In February, Starbucks fired seven union activists who were trying to organize a store in Memphis, Tennessee. Now that store is unionized.
The union Workers United decisively won an election to represent baristas at the store by a count of 11-3, according to a ballot tally held Tuesday by the National Labor Relations Board. That makes the store one of roughly 120 Starbucks locations that have unionized in just a few months.
The campaign, known as Starbucks Workers United, has been organizing stores around the country, but the vote at the Memphis store at Poplar Avenue and S. Highland Street was one of the most closely watched due to the firings. The NLRB, which oversees private-sector union elections, has not yet certified the Memphis results.
In a tweet Tuesday, the campaign said “workers showed Starbucks what solidarity looks like.”
Starbucks terminated the seven workers after a local television crew filmed an interview about the union campaign inside the store while it was closed. The company said the firings were not because of the workers’ union activism, but because they ran afoul of store policy by letting non-employees into the store outside of business hours, among other alleged rule violations.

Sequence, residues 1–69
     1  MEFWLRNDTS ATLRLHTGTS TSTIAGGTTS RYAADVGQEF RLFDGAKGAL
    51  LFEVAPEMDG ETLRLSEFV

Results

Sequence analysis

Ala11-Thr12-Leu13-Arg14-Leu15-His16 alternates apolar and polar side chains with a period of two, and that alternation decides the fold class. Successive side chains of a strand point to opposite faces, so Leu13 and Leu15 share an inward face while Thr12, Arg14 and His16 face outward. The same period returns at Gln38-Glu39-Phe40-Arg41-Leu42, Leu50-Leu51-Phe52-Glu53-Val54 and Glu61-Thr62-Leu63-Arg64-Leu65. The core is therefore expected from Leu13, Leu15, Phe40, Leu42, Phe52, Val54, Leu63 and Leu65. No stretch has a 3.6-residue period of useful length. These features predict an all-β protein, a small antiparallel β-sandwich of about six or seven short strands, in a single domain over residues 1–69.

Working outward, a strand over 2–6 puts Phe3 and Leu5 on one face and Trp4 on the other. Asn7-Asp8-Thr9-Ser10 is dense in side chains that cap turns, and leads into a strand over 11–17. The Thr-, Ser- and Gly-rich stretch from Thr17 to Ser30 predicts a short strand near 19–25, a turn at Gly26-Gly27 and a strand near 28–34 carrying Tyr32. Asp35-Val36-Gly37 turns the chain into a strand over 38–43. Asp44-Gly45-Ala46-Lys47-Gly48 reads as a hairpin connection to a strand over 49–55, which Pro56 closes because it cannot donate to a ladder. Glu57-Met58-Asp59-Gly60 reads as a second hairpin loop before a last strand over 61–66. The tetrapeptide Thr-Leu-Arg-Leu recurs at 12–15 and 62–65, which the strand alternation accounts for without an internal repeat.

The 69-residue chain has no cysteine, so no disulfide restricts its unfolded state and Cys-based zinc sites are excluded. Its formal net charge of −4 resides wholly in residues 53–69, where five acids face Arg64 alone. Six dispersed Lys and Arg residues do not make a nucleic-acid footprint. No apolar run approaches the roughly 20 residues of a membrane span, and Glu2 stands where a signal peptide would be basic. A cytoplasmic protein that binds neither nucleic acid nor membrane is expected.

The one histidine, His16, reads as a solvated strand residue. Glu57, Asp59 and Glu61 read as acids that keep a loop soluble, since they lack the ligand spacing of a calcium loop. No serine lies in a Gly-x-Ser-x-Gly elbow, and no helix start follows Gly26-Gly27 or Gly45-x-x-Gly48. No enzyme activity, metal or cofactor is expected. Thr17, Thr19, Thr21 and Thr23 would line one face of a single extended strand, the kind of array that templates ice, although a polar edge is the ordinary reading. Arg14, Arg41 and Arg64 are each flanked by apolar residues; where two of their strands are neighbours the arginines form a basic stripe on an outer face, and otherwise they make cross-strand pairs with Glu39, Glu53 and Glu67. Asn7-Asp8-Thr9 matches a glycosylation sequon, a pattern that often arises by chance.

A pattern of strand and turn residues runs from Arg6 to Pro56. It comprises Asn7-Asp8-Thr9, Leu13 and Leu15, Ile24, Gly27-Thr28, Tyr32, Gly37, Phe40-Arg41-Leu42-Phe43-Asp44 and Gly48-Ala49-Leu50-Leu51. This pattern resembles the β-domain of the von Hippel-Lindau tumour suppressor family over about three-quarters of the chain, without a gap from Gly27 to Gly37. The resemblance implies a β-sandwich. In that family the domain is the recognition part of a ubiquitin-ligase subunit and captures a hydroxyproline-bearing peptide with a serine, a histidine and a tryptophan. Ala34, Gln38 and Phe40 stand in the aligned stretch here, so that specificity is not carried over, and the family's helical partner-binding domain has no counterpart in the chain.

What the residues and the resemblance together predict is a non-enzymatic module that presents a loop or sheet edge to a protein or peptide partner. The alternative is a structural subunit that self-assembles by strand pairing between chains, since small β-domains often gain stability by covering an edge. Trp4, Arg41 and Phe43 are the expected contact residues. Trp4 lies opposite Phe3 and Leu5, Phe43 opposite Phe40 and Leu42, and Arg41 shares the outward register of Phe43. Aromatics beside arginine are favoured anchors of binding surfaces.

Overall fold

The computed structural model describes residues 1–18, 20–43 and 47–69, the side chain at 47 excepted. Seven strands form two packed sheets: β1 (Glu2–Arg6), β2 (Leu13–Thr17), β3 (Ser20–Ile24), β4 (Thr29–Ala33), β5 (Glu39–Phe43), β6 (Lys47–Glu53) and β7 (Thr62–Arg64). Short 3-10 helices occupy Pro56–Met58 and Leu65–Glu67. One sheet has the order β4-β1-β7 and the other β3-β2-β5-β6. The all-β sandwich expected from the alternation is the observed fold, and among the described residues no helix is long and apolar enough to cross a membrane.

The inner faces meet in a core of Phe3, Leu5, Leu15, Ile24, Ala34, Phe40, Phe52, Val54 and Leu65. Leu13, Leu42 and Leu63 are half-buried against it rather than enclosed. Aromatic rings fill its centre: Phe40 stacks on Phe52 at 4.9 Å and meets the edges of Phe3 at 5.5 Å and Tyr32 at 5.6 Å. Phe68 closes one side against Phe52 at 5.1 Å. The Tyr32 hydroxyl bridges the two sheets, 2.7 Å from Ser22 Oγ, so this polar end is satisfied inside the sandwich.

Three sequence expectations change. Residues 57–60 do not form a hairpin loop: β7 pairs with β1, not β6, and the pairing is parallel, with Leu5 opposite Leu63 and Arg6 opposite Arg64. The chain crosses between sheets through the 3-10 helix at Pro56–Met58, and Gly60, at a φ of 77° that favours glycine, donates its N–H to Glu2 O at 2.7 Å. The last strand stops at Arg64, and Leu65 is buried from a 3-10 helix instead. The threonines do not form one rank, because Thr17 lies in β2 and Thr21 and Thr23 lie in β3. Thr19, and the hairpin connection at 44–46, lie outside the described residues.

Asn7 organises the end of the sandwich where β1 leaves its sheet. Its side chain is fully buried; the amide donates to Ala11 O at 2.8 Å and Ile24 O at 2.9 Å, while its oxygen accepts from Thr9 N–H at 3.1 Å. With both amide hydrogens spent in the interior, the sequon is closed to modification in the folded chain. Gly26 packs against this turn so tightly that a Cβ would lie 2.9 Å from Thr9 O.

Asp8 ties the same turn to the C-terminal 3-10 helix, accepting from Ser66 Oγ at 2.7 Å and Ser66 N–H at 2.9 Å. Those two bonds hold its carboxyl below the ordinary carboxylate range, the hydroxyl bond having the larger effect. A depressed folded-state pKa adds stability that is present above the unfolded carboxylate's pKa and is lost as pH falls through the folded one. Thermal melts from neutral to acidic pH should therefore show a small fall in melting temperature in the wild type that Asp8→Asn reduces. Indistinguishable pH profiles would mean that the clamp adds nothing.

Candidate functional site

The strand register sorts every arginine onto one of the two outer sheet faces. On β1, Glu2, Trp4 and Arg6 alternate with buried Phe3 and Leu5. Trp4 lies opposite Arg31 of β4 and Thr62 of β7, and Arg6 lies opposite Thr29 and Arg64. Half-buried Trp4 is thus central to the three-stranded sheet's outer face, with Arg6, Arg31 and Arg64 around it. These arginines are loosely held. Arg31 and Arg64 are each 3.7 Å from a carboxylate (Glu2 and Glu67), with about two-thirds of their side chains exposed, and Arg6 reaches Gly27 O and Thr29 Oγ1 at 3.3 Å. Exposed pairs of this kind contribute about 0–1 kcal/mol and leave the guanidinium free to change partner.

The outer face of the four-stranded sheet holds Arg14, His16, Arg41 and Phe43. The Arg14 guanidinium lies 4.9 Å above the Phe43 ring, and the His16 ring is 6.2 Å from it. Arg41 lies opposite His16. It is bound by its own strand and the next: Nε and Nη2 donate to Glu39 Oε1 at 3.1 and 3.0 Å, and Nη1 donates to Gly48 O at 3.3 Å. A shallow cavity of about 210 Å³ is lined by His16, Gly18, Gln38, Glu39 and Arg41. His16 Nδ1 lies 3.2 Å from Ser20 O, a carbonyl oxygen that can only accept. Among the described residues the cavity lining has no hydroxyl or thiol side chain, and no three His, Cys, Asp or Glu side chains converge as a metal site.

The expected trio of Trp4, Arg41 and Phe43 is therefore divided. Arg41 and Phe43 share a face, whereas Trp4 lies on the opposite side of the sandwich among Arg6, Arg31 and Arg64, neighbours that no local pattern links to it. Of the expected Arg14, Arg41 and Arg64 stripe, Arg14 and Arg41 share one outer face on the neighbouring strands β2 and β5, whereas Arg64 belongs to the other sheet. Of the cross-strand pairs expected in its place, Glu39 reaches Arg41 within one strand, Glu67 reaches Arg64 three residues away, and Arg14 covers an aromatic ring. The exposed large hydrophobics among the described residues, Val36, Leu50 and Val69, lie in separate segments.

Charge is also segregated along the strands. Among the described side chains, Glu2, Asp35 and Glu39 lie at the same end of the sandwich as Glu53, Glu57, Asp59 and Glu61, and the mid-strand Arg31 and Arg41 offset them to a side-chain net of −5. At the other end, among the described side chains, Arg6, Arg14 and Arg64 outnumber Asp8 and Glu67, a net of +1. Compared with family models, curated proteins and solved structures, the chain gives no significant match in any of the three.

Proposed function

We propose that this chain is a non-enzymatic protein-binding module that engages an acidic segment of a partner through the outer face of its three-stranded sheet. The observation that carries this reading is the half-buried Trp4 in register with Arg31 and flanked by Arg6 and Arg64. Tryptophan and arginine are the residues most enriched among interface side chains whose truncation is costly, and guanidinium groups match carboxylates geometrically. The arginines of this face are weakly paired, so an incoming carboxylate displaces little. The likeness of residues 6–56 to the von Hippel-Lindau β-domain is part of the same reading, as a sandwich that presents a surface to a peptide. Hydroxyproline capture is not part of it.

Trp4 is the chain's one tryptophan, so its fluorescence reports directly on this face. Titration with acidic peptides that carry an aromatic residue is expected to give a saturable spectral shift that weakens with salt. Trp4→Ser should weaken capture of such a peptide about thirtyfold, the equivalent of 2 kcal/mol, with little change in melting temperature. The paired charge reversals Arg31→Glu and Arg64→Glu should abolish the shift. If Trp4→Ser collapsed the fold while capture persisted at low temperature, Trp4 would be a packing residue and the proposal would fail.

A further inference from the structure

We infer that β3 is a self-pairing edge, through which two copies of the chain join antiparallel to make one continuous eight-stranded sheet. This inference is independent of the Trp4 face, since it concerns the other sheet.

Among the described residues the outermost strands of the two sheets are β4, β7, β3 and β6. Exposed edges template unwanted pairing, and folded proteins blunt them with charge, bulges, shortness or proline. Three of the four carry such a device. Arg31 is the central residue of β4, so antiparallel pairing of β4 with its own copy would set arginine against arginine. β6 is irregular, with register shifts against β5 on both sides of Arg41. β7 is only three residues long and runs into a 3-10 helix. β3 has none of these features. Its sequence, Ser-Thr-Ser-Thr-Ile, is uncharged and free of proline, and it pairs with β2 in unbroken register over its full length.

But a regional director for the NLRB accused Starbucks of retaliating against the “Memphis Seven.” The director filed charges against Starbucks that could lead to a trial before an administrative law judge with witnesses called. None of the allegations have been litigated yet.
Workers found to have been illegally fired can eventually be reinstated on the job, although the legal process often takes years.
The NLRB’s regional director has also gone to federal court seeking an injunction to put the seven Starbucks workers back on the job temporarily. Board officials can pursue such an injunction when they believe the board’s normal processes won’t be able to protect workers in the midst of an organizing campaign where the employer has broken the law.
The firing of the seven Memphis workers is part of a much larger legal fight between Starbucks and the union. Workers United accused Starbucks of waging a scorched-earth campaign meant to stifle the union’s momentum, while the company denies it has broken the law.
Another regional director for the NLRB recently hit the company with a sprawling complaint involving the firing of six other workers and the closures of two stores in Western New York. The complaint alleges that Starbucks illegally disciplined and surveilled workers who supported the union, and that CEO Howard Schultz broke the law by offering workers “an increase in benefits” if they declined to unionize.
A Starbucks spokesperson called those allegations false, saying the company “look[s] forward to presenting our evidence when the allegations are adjudicated.”